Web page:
I was lucky enough to get TWO authors that I admire to answer my questions last week. The first was Jean Kwok, author of Girl in Translation. The second was Lauren Grodstein, whose book A Friend of the Family I read last year and loved (click here for my review)
I also have a copy of A Friend of the Family to give away to an EDIWTB reader. To enter, leave a comment here with your email address, and I will pick a name at random on Thursday, October 14. Thanks to Lauren Grodstein for taking the time to answer my questions and to Algonquin for the copy of the book.
Here is the Q&A:
Q: This book was one of my favorites of 2009. The question on my mind the whole time was: how did you get yourself into the mindset of a fiftysomething man so convincingly? Did you base the book on someone you know?
A: Pete really isn't based on anyone I know – in fact, I have a hard time writing people I know, since I become so consumed with getting the depiction "right" that I forget I also have to make it good. So Pete was truly a figment of my imagination, although certain things – the doctor stuff especially – was based on some of the experiences of the doctors I know, friends and people in my family. As for how I got into his mindset, I just woke up one day, as corny as it sounds, and Pete's voice was in my head. It was just there, like a radio announcer's. He talked me through the whole manuscript, and when I was done with it, he was gone. It almost felt like transcription though while it was happening, though, like someone was dictating to me the most important details of his life. It was kind of magical even though I don't really believe writing is magic.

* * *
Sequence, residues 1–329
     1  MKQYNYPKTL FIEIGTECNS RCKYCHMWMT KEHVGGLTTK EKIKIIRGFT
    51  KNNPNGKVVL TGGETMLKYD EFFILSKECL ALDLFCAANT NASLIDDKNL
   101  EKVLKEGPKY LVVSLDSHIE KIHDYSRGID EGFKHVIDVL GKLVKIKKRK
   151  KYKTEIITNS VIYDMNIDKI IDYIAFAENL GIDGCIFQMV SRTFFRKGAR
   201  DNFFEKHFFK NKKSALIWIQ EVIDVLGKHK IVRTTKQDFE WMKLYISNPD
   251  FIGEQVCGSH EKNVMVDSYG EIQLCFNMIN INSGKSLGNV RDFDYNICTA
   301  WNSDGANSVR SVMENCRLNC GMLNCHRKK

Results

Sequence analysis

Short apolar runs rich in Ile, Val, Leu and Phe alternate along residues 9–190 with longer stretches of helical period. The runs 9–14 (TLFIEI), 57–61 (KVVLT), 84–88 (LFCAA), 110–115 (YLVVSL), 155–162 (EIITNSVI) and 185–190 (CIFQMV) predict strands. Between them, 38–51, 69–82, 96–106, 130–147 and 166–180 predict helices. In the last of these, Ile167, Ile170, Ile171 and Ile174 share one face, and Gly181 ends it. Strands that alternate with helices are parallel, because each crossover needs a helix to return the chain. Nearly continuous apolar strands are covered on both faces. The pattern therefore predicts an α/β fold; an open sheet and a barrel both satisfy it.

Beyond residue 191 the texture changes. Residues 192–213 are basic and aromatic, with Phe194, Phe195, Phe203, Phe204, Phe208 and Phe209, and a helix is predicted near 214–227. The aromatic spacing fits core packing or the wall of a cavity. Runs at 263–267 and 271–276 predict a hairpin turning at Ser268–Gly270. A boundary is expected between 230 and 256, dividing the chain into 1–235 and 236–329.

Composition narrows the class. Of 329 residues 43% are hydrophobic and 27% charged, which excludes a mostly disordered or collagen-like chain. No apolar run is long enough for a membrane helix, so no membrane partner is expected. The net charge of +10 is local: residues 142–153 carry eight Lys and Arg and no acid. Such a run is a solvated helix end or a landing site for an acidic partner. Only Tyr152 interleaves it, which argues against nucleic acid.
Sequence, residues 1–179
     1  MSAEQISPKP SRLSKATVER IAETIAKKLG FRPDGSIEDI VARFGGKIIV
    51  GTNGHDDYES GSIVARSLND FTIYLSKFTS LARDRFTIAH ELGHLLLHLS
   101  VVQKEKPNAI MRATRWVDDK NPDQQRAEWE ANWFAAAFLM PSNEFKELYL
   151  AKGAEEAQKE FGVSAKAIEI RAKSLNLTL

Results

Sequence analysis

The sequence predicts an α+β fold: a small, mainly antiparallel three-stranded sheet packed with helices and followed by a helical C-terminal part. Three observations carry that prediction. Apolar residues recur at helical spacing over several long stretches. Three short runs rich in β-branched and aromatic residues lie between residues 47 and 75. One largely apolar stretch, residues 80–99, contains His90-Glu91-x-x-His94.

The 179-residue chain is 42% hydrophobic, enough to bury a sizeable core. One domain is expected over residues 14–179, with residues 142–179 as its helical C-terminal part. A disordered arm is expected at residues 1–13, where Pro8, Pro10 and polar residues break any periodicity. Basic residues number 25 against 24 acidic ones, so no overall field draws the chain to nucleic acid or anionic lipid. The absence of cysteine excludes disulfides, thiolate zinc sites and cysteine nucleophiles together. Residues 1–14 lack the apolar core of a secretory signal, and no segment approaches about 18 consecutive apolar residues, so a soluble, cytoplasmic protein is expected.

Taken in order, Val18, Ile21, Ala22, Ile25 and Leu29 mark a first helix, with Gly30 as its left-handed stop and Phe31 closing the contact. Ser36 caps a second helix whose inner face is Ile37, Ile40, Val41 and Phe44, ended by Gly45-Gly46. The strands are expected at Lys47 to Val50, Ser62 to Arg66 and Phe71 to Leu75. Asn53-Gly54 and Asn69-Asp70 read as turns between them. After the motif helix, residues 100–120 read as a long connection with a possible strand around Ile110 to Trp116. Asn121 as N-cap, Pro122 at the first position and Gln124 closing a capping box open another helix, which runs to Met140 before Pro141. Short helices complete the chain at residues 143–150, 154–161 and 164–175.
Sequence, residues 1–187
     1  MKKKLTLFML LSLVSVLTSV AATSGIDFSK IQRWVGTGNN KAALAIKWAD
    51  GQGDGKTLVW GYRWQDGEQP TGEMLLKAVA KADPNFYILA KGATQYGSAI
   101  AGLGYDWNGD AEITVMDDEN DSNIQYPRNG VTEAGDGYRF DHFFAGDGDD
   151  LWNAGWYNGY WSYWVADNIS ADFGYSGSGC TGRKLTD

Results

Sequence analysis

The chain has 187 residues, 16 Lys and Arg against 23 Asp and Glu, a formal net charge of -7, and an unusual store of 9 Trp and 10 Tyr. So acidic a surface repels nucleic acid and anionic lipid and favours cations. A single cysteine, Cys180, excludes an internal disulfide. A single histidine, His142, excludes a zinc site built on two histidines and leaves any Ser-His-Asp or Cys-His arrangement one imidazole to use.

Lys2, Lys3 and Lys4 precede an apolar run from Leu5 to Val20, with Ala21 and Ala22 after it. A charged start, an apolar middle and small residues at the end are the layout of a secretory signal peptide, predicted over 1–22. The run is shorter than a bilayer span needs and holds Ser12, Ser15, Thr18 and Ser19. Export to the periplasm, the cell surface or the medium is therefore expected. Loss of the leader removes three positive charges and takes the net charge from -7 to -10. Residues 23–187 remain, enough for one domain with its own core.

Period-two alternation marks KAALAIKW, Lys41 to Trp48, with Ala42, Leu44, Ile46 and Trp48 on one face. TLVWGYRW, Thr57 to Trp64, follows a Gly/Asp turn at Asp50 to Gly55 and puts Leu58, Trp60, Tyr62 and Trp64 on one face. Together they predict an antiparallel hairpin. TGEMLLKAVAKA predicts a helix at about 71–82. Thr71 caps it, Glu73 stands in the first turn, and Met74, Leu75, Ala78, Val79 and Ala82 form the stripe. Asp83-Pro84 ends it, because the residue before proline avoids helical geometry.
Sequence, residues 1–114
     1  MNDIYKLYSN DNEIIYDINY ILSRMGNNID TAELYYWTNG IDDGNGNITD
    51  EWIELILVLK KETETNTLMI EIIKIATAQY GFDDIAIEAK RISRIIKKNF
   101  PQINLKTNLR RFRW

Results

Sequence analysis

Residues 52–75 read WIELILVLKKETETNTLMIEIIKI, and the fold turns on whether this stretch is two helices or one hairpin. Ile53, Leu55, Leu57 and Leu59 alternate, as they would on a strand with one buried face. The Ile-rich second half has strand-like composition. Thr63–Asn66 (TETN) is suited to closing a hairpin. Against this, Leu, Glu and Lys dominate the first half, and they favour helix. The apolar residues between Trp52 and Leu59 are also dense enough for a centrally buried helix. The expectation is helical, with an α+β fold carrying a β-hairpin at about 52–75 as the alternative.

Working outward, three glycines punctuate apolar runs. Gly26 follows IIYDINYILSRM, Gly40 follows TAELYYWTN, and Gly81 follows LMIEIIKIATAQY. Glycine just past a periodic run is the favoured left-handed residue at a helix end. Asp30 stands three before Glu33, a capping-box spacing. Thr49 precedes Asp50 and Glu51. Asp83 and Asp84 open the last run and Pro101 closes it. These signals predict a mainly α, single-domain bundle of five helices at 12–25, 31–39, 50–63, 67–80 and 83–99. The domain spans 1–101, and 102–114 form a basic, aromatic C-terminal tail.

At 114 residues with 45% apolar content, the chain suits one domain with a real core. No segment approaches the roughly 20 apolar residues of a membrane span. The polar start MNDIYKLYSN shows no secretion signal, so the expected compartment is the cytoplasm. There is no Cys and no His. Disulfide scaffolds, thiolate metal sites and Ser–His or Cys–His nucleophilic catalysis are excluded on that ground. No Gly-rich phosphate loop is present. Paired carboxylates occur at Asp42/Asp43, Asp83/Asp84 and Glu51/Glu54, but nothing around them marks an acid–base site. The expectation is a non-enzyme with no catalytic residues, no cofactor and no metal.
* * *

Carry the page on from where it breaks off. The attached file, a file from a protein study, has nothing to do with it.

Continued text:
Q. As a parent, watching Pete lose control over his son's future was extremely disturbing. Is this a cautionary tale for parents, with the moral being that in the end, we are powerless over our children's destinies?
A: I try not to write cautionary tales, or write stories with any particular moral or meaning. All I ask of my novels is that they entertain, that they make the reader want to keep turning pages. If people find some lessons in them, that's terrific, but it's not what I ever set out to do.
Q: Who are some of your favorite authors?
A: Ah – I love so so many different writers! Philip Roth, Richard Ford, Evan S. Connell, Elizabeth Strout, Zadie Smith – and then also Virginia Woolf, Edith Wharton, Ring Lardner, MFK Fisher. And I love mystery novels and I read cookbooks like they're thrillers, and also, with my two year old, I've rediscovered my love of Richard Scarry and Dr. Seuss.
Q. I'd love to hear about how you plotted A Friend of the Family, which I thought was perfectly paced. Did you have the whole story outlined from the start, or did you let it develop as you wrote?
A: I always work with a rough outline, and as I'm finishing one chapter I'm sketching out the next. But the plot of Friend was, in some ways, really just a series of flashbacks, and I wrote them in a sort of piecemeal way, and then had to rejigger them after I'd finished my first few drafts so that they'd make more sense to the reader.
Q. What is your writing process like? Do you write for the same amount of time every day, or do you let inspiration strike when it may?
A: When I'm in the middle of a novel, I'm all about page counts. Ten pages a day for that first draft, and if it takes me four hours to write them, great, and if it takes me all day, then I'm going to sit in that chair all day. The ten pages don't have to be any good – and usually they're not – but I worry about that in the second draft. For the first draft, I just want to bang it out so that I can then begin re-drafting, reimagining; for me, that's where the fun stuff really begins.
Q. What are you working on now?
A: A new novel! Right now I've got a Colombian finch, a shoebox full of alcoholic mice, and a famous evolutionary biologist. We'll see where this goes.